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    1. The older you get the more essential that planning has to be.

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  7. We all go through times like that. I remember when my dad died, my mother had never written a check, and she took over the finances and found that she liked it! She had always driven, but she never worked outside the home. She was very lonely once all her kids were gone, too. I understand.

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    1. Until last year, my mother did her own finances, as she had throughout her married life. It rather saddened me when it became too much for her.

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  8. My husband can't drive anymore...I can but my eyesight makes me a public peril....so our peon drives us.

    We miss the itintamacy.

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    1. I hadn't thought about the aspect of intimacy -- that time when it was the only the two of you...

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  9. One of the reasons I wanted to live in a city was so that I would not have to drive, and I chose Portland because it has an excellent transit system. Reconciling with age is easy enough to do with planning but I feel for those who remain dependent on their partners.
    Your first paragraph could be my own.

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    1. I find you incredibly courageous to have got it together to up sticks and move body and soul to a whole new location! Fabulous stuff, Rubye!

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  10. My mother was rather cut off when my Father died. She was still fit enough to walk to local places, although her mind had begun to deteriorate so she wouldn't catch a bus.

    Although we are in our late fifties our plan is that when we downsize to move from the small village, where we've lived for over thirty years, to closer to the town where there will be decent bus routes. We both drive but we're thinking ahead...

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    1. We live in the town centre of a town that is neither too big or too small. There is good public transportation and best of all for me, I can easily walk into town. Our house is a little big, but the main problem is that it is a Victorian house and requires quite a lot of able-bodied maintenance -- which my husband is still able to do. But he is now 72 and seems to love keeping things going, but you just never know what is around the corner...

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  11. My dear mother-in-law was sadly widowed in her late 50s, but one positive thing to emerge from that was her sustained independence as she moved into old age. Having had to cope on her own for so long, it only now, with failing memory, that she isn't doing absolutely everything for herself. Her big loss will come if one day she is no longer allowed to drive.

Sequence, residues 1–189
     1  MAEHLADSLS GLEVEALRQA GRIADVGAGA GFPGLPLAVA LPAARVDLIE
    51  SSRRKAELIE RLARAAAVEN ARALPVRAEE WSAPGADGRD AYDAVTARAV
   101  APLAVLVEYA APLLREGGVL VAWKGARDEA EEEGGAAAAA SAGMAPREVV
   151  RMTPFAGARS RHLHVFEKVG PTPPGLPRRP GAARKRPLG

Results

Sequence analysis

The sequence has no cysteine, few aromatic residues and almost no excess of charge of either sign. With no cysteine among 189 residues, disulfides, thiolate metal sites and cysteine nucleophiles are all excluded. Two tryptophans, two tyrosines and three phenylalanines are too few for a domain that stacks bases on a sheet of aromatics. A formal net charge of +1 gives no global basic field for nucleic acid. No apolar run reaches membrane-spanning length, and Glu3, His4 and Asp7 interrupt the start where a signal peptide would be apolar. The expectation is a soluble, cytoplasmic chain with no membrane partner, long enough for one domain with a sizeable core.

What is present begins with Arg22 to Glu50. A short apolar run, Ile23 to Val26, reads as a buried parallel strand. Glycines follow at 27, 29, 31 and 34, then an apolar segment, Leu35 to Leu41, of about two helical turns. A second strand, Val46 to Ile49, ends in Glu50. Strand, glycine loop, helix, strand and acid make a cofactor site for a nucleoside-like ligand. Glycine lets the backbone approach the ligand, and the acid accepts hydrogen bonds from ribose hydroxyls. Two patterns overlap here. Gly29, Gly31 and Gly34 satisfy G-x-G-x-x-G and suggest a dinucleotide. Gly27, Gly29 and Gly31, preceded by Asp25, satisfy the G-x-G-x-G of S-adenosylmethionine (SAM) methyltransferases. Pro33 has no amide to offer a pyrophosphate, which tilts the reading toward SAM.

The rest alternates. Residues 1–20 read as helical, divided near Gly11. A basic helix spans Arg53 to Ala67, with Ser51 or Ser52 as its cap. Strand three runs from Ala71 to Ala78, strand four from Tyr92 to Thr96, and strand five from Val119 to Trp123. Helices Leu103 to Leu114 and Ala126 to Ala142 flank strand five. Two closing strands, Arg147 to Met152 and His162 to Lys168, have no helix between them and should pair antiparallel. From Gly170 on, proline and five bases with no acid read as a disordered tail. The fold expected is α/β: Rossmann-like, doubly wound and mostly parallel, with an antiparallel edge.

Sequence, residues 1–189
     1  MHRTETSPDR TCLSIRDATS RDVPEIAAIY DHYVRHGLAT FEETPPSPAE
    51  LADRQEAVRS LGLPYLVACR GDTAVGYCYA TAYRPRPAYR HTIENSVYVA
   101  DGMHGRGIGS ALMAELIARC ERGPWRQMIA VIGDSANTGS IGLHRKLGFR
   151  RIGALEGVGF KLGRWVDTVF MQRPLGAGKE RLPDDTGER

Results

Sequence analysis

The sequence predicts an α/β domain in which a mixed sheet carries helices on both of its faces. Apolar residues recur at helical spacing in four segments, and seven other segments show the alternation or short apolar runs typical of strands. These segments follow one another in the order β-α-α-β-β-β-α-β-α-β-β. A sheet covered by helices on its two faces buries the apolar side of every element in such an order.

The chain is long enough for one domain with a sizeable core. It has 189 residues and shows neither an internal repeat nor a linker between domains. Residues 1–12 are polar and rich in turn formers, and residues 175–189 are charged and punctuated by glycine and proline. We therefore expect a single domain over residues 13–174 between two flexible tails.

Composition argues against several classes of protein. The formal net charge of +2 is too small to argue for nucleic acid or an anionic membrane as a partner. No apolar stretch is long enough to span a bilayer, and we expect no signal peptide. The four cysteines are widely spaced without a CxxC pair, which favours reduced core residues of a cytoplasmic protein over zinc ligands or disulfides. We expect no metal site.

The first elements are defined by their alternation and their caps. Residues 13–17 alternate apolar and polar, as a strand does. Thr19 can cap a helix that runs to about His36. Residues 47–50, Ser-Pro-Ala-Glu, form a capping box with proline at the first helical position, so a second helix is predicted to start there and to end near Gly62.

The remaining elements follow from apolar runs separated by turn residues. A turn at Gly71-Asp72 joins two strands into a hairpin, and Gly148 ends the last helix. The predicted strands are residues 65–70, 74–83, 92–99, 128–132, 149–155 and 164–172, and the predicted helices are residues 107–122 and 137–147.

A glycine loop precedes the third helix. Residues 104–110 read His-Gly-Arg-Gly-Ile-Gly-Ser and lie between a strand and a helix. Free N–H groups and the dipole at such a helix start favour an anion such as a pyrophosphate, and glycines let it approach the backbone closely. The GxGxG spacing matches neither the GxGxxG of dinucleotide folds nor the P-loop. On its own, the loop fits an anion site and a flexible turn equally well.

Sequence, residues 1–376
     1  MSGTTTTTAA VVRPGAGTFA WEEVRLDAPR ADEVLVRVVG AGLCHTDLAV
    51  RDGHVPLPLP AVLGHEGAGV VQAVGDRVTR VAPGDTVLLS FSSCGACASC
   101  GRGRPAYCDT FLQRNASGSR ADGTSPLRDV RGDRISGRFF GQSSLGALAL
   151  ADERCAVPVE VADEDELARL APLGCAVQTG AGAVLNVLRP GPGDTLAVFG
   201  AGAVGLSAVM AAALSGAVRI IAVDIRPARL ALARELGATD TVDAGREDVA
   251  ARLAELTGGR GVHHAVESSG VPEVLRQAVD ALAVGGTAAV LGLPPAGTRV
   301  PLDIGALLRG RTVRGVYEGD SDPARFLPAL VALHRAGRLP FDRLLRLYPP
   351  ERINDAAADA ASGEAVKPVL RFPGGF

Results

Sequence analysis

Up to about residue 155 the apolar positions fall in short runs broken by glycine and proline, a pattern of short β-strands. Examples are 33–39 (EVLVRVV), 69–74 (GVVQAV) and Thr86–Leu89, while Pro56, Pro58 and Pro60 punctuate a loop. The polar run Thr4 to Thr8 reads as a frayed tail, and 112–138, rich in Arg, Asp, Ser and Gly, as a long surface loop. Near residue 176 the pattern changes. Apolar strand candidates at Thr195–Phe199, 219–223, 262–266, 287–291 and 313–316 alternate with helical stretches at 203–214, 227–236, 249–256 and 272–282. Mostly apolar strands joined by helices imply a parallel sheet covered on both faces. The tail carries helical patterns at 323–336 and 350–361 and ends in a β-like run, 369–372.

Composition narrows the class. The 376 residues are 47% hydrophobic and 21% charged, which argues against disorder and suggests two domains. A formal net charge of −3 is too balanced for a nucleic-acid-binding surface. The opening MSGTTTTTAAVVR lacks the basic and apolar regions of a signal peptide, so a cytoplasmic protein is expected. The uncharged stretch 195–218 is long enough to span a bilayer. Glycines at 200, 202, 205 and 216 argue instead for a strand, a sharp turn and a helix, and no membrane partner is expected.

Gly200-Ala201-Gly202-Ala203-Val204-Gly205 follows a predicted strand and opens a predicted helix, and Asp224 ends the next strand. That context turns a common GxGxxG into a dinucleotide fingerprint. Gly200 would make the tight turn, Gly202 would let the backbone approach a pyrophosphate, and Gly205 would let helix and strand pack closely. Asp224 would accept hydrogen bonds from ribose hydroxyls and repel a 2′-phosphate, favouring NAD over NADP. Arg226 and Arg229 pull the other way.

To have to learn to live on her own in great old age as you mother has had to do can never be easy, or probably even possible. Sorry you're suffering from the winter blues, Broad, and I hope the lengthening days will soon lift your spirits.

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    1. The lengthening days are always a blessed relief -- especially when it noticeable in the January gloom!

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  12. It is at this time of year that I start learning something new. In previous years it has been learning to spin, improving my crochet skills, researching the art of canning and dehydrating food and buying the necessary kit, and this year I am concentrating on my writing. I have to wrestle with seasonal blues, the same as everyone else I think, which can push me down into the dumps as well. Keeping busy seems to help, and not minding that my requirements for sleep seem to increase as well stops me from feeling that I am getting old.
    What I don't want to do is sit around and mope. My mother did a lot of that in her later years, and the image of her sitting in front of the TV, waiting for death, and indeed being cross because she hadn't actually died yet, well.... I don't want to do that. At this time of year it is a fight to stay in good spirits, and just to say that I identify with your winter blues, and hope they go away soon. Vx

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  13. Wow! I am really impressed with your regimen and determination! I have enough trouble just keeping up with what I've already learned to do! You must enjoy a great deal of accomplishment, Vera!